Major publishers have gained the ability to dictate their own prices on e-books and this has dramatically increased the cost to the customer. In many cases the hardcover is actually cheaper now than the digital version and this is because of predatory pricing.

Publishers have been making moves to capitalize on the convenience and instant delivery of e-Books by making them more expensive than their printed counterparts. I have talked to many high ranking executives off the record and they have told me that they foresee the destruction of the e-book market and are anticipating higher profits on print down the road.

There are many companies that are heavily involved in the e-book sector that have went out of business over the course of the last year. Sony killed off their consumer e-reader division and abandoned the Reader Store in every country, but Japan. Diesel eBooks, Oyster, Entitle, Txtr, Blinkbox Books and others have all closed up shop because e-books are no longer profitable.

The reason why these companies went out of business is because of predatory pricing from the publishers. If you have never heard of this term, its basically a pricing strategy that is intended to drive competitors out of the market, or create barriers to entry for potential new competitors. The fewer e-book stores that exist, the less sales the format generates, which is resulting in a resurgence of trade paperback and hardcover sales at the expense of e-books.

The Association of American Publishers, using collected data from around 1,200 publishers, found that e-book sales dropped 10% during the first five months of 2015. They also found that e-books generated 24.9% of publisher revenues between January and May, down from a peak of 26.5% in the same period last year.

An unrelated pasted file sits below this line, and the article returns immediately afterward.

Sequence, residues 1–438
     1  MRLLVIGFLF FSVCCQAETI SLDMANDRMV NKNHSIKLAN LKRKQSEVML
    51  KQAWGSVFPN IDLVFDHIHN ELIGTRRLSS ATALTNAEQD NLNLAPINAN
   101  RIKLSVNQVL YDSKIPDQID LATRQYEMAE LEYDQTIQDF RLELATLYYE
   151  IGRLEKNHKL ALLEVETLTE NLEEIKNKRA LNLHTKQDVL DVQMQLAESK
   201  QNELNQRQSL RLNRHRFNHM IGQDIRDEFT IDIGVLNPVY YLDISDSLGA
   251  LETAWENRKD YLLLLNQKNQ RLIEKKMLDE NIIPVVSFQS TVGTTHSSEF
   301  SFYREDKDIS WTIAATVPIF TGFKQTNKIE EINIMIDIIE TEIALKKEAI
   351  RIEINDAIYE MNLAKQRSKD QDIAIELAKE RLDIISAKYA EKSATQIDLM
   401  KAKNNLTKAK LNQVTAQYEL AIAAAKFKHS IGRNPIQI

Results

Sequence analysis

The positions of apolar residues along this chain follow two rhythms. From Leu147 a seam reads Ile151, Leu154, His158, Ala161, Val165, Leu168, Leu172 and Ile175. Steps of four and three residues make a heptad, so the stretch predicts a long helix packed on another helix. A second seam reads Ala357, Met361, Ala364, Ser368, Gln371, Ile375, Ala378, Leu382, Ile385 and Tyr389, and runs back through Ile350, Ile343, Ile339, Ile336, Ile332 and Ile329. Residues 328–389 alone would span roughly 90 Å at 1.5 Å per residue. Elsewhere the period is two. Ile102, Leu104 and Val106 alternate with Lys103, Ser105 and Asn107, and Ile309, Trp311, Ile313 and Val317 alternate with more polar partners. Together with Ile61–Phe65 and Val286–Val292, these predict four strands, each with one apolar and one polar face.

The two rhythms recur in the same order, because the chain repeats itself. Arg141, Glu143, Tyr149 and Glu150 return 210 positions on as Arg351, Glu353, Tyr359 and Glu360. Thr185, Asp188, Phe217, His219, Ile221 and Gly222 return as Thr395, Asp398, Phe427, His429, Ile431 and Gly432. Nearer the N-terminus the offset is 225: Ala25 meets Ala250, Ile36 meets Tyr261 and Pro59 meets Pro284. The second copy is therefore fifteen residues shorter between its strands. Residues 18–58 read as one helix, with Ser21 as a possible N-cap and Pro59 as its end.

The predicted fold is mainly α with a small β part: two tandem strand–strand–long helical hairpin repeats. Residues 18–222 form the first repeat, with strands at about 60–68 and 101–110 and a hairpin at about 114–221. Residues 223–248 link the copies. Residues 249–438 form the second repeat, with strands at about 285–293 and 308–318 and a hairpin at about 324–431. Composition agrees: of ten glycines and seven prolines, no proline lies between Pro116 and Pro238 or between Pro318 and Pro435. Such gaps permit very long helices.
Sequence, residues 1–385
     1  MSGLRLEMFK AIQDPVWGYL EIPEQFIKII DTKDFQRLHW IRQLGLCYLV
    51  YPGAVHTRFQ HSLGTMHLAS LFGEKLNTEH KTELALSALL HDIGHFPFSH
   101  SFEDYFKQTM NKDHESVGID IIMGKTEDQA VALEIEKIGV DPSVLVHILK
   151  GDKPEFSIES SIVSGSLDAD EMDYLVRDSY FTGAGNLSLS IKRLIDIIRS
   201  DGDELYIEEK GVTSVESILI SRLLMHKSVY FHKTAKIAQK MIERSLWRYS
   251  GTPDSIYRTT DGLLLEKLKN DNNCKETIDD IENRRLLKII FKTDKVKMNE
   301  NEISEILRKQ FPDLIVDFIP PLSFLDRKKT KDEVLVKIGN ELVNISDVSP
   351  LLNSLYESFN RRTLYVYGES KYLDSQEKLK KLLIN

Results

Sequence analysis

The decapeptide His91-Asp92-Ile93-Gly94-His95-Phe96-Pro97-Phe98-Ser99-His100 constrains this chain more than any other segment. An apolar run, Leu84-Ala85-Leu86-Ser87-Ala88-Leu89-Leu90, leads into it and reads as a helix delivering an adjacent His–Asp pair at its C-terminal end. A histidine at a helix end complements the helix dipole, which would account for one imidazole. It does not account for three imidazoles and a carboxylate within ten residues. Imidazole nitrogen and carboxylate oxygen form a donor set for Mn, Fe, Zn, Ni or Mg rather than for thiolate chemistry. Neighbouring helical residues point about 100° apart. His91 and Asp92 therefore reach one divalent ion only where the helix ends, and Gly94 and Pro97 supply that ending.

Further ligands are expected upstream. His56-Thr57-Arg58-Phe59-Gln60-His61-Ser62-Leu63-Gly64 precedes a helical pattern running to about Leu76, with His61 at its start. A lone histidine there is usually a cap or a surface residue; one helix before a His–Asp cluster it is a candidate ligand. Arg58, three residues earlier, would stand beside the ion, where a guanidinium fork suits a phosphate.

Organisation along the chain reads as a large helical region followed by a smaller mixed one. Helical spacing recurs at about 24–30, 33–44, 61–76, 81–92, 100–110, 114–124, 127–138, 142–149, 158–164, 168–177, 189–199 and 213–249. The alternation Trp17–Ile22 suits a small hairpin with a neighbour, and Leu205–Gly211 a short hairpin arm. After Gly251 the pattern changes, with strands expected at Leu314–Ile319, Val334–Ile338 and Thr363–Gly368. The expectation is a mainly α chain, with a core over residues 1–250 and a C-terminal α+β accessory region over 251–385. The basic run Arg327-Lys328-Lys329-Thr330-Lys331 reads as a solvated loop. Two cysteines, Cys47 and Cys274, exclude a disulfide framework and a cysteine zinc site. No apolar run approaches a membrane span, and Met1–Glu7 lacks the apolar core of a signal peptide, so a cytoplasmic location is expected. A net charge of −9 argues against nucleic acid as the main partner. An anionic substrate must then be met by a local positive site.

The Kindle “has disappeared to all intents and purposes”, said James Daunt the head of Britain’s biggest book chain Waterstones. He also reported that print book sales lifted by 5% in December 2014 and that they plan on opening at least a dozen stores in 2015 . Foyles, the London chain of bookstores, said sales of physical books had risen 11% last Christmas. Across the pond, Australian bookseller Jon Page of Page and Pages said “Sales were up 3% last year, and will increase by 6% in 2015, which is fantastic because for the last three years we’d actually seen a decline.”

United States bookseller Barnes and Noble announced that their “Core” comparable bookstore sales, which exclude sales of NOOK products, increased 1.1% in the first quarter of 2016, while Nook product sales declined 28.0%.

Likely the most compelling case of predatory pricing for publishers is in your local libraries e-book collection. Very early on, publishers realized that e-books do not have as much legal protections as physical books do, because they are considered a service and not a product. This has resulted in the e-book cost increasing by over by 800% and limits on the number of checkouts being imposed …read more